[LEAPSECS] Crunching Bulletin B numbers (POSIX time)

Ian Batten igb at batten.eu.org
Mon Feb 21 04:03:33 EST 2011

On 21 Feb 2011, at 03:32, Paul Sheer wrote:


>> [...] But so what? It'll report 00:00:03 Monday when it's "really"

>> 23:59:57 Sunday --- why is this small number of seconds any more

>> important than any other small number of seconds error? [...]




> A miss is as good as a mile when a timestamp is an index into a hash

> table.

So let's try to understand your use-case. Machine A, which is isolated from the outside world and unable to perform leap-second adjustment but maintains a stable clock with a CsRb , is generating hashes, alongside Machine B, which is performing leap-second adjustment via (for the sake of argument) NTP or GPS., and those hashes are being used as indexes into a hash table that both A and B read and write? Yes, I can see leap-second would cause a problem there, except (a) the engineering design is insane and (b) even if it isn't, TAI is ready and waiting to solve their needs. Has anyone, anywhere, written a system so stupid and not been locked up?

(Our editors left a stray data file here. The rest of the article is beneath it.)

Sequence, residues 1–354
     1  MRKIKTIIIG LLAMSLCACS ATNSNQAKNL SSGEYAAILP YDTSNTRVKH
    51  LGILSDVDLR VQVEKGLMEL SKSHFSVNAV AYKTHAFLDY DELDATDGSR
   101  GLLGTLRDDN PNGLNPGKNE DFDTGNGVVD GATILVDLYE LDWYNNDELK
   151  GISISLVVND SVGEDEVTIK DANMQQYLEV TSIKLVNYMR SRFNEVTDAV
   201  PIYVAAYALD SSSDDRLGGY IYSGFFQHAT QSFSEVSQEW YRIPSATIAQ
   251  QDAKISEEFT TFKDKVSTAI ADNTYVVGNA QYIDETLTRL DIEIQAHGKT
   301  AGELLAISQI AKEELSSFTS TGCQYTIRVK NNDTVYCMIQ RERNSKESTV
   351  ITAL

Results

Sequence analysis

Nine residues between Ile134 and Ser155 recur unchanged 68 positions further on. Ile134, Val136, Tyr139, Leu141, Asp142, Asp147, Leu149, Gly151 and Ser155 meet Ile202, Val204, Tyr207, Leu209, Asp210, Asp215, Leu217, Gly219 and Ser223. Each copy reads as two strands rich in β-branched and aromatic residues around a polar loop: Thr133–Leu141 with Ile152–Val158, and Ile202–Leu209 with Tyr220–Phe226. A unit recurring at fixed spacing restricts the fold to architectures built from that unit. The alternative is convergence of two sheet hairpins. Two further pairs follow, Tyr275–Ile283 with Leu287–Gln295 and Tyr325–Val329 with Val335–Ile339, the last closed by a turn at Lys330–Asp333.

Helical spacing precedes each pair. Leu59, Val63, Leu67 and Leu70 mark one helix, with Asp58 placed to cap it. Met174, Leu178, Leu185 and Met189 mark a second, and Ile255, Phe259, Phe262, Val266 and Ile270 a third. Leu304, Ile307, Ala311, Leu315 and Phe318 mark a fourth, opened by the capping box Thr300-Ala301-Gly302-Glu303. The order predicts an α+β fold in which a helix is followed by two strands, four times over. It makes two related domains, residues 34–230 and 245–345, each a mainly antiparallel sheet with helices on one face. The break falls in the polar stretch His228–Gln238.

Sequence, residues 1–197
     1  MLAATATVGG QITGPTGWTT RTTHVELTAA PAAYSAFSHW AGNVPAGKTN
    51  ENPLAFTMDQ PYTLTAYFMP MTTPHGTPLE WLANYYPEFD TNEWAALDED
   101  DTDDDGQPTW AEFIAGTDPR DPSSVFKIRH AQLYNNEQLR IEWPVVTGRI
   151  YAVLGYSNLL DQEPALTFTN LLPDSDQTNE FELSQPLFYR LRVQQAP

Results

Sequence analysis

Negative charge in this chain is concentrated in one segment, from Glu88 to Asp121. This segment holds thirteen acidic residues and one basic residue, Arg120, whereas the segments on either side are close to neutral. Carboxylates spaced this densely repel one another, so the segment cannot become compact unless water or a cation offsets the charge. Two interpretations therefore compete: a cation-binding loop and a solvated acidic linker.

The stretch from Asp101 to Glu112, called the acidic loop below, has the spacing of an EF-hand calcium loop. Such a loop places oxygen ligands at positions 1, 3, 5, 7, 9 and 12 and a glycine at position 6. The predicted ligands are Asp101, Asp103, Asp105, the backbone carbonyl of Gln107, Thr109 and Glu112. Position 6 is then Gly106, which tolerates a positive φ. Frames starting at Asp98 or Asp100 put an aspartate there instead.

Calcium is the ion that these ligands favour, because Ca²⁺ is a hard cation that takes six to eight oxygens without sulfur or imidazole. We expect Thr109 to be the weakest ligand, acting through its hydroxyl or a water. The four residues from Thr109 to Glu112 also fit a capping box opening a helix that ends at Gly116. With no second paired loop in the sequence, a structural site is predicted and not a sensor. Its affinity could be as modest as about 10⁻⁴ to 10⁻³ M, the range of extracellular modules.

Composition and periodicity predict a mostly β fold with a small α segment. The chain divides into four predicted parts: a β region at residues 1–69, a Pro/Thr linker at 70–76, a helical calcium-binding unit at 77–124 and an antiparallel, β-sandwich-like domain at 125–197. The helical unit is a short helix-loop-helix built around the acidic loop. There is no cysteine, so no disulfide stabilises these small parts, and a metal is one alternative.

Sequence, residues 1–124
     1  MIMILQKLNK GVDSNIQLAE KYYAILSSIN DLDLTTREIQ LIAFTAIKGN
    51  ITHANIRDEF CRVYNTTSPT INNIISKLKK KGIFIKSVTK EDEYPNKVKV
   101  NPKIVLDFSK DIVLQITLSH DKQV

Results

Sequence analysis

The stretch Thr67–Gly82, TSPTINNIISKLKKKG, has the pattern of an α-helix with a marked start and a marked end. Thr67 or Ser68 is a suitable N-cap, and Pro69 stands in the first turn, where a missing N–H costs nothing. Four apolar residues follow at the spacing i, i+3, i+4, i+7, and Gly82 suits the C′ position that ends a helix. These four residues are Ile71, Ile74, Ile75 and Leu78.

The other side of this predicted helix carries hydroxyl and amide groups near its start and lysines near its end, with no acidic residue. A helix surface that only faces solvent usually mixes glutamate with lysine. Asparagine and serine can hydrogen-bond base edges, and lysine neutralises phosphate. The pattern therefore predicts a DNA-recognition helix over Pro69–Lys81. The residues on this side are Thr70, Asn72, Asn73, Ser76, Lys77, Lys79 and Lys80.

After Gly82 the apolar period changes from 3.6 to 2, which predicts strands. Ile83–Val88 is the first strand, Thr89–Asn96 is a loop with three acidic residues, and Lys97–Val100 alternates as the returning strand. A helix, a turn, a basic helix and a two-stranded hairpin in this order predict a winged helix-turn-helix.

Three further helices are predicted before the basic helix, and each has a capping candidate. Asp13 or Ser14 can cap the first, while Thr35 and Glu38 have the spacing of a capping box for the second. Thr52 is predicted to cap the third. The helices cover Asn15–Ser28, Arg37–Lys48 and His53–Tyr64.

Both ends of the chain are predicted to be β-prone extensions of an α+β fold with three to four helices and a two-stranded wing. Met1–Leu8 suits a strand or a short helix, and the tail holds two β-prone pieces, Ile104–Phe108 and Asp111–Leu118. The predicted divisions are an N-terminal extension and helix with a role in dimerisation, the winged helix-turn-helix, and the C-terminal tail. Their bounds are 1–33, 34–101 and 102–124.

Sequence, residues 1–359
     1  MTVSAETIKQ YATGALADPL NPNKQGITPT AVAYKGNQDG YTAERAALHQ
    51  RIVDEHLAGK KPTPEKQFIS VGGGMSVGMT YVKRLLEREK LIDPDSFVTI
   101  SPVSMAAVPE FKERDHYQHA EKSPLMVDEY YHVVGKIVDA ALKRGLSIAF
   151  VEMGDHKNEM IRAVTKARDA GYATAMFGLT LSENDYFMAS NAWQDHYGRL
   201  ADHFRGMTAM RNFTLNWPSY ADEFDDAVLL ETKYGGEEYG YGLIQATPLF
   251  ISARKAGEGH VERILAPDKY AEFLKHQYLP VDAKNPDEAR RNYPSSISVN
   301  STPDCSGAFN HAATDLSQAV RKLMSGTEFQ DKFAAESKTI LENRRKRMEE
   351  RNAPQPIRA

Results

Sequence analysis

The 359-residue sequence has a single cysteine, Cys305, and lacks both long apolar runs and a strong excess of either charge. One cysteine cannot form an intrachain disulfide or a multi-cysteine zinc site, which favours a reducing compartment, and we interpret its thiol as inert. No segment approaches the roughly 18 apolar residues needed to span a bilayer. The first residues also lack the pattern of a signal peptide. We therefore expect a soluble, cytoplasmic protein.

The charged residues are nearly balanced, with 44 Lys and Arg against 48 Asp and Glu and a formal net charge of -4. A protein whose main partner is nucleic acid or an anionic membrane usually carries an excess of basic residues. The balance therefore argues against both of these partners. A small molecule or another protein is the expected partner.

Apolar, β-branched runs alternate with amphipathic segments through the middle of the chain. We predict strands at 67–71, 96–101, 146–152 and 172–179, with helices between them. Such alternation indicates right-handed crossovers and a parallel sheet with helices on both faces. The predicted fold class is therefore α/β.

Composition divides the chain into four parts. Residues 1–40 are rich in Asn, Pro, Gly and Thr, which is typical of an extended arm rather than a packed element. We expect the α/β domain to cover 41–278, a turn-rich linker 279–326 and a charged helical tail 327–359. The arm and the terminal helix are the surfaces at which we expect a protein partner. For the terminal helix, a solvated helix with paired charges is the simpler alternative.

> These systems don't care whether the event really did happen at

> 12:34:56pm nor whether the clock was a few minutes slow that day.


> But they DO care that they are talking about the SAME event!!!


So how is a leap second (or, more to the point, 120 leap seconds) any different to "a few minutes slow"? Two systems are communicating. One applies a leap second the other doesn't know about via nasty slewing over the course of an hour. Two other systems are communicating. One loses a second relative to the other through thermal effects. Describe how an outside observer might distinguish those scenarios given a sequence of timestamps from the systems.


> Imagine a complex business environment represented by a large block

> diagram. Data, including fields that contain timestamps, propagate

> around this block diagram -

A complex business environment which nonetheless cannot perform one bit of I/O per eighteen months. A complex business system which nonetheless cannot interact with NTP, MSF/DCF77/WWV or GPS? I think you're making something up to bolster a point, not referring to any real business environment.


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